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Due Diligence on Cloud Vendors

3 min read
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As many organizations continue to turn to cloud vendors to store sensitive data, it’s important to ensure that your data is safe. To protect your organization from suffering reputational and financial damages that could stem from detrimental data breaches on the cloud, you must perform thorough due diligence on your cloud vendors.

Understanding Cloud Vendors

While cloud vendors are a relatively newer concept for many organizations, many have trusted these third parties to store their data or provide data services. In fact, cloud technology offers many benefits for businesses, such as eliminating the need for expensive data storage hardware and infrastructure. Cloud storage and computing offers flexibility and cost-efficient solutions to data storage which has become increasingly valuable in today’s world. 

However, despite these benefits, it’s also important to understand that, like any other service, there are risks associated with cloud technology. The same technology that offers flexibility by storing data across internet servers also leads to the potential of the data becoming compromised by cyber threats. As cyberattacks have become more frequent and hackers find new ways to access sensitive information for malicious purposes, you need to be aware of the risks associated with cloud vendors and the ways that you can work to mitigate the risks. 

The Importance of Cloud Vendor Due Diligence

Due diligence is one of the most crucial components of an effective third-party risk management program. When entering a new relationship, revisiting an existing contract, or checking your vendor’s performance as part of ongoing monitoring, you must be sure that you’ve identified any risks and understand the best ways to combat them and safeguard your organization. 

Cloud vendors are no exception. When engaging with a cloud vendor, exercising due diligence is just as important so that you’ll gain a deep understanding of the vendor’s strengths, capabilities, weaknesses, and, most importantly, any risks that might leave your organization vulnerable to data breaches.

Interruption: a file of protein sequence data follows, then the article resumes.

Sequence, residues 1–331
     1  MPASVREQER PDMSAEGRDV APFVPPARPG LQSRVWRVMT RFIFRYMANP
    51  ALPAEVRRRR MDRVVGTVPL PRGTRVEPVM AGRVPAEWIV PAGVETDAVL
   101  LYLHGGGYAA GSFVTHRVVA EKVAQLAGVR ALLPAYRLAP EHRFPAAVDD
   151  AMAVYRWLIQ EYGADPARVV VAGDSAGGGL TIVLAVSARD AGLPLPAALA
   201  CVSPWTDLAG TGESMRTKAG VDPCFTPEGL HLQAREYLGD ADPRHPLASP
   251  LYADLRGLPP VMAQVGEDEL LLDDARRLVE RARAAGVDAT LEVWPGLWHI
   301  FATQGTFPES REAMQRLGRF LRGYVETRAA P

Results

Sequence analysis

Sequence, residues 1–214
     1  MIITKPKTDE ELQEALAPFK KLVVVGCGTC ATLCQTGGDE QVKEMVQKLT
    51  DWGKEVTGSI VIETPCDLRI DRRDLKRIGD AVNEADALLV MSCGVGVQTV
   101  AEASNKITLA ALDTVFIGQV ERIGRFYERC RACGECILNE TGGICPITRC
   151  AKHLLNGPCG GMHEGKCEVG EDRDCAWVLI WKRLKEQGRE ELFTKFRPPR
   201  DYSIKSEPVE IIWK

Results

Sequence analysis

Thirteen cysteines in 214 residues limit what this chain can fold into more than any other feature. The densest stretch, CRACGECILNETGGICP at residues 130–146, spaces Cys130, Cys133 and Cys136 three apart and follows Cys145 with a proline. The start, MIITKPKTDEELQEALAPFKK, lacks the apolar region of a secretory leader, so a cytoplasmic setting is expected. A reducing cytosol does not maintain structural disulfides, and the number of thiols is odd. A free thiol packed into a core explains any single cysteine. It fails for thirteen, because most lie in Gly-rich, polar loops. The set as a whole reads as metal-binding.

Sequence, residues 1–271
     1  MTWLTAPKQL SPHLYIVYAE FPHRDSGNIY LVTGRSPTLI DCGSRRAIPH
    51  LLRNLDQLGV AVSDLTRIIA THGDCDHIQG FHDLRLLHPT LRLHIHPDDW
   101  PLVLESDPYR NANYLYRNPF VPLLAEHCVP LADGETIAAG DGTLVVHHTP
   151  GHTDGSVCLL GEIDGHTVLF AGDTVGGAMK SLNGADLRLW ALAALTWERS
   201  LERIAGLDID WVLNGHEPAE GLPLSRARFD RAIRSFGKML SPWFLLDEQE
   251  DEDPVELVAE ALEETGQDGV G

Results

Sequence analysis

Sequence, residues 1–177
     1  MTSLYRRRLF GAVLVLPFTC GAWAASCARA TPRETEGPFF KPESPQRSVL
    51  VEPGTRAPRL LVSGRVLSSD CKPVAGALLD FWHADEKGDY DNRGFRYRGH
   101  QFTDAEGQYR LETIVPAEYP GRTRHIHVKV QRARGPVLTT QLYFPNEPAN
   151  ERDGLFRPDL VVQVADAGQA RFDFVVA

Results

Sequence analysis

In cases where organizations are victims of data breaches, responsibility often falls to the organization and not the vendor or third-party service provider. To avoid facing harmful damage to your organization, be sure that you perform effective due diligence assessments throughout your relationship with the vendor, and not just in the contract stage. Due diligence, when done correctly, will allow you to get ahead by identifying risks and helping protect your organization. 

Cloud vendor due diligence importance

What to Consider When Assessing Cloud Vendors

Just like when you assess other vendors, you should be sure to collect as much due diligence documentation as you can regarding their security measures. To properly understand and trust the vendor, you will need proof that the vendor has the ability and systems to protect your data from malicious attacks, as well as know who will be accessing the data and why. 

When assessing your vendor, you should ask specific and relevant questions, such as:
  1. Who will be accessing your sensitive data? For what purposes?
  2. What security practices are in place? Are there physical security measures as well as system-wide measures?
  3. What is the data migration process?
  4. Where are the physical servers located?
  5. Does the vendor remain up to date with industry regulations and compliance?
  6. What processes are in place for requesting, approving, logging, and testing changes?
  7. What policies does the vendor follow to retain and back up data?
  8. Is there an effective disaster recovery plan in place?

In addition, you should request a CAIQ and have it assessed. A CAIQ is an industry-accepted way to document what security controls exist in infrastructure as a service (IaaS), platform as a service (PaaS), and software as a service (SaaS) environments and is available through the Cloud Security Alliance (CSA). If your vendor has a completed CAIQ, you should have it assessed to ensure that their posture aligns with your expectations, the cloud control matrix, and industry best practices.

Along with these considerations, you should also assess the vendor’s financial health, reputation, certifications, and what exit strategies are in place, if you decide that you need to offboard the vendor. 

Depending on the vendor’s services, risk rating, and criticality, the amount of information you gather and questions you ask may differ. 

As the number of cyberattacks continues to rise, your third-party risk management program must ensure that your sensitive information is protected. By performing effective due diligence and understanding the risks posed by your cloud vendors you can take the necessary steps to safeguard your organization from severe damages that could result from a data breach. 

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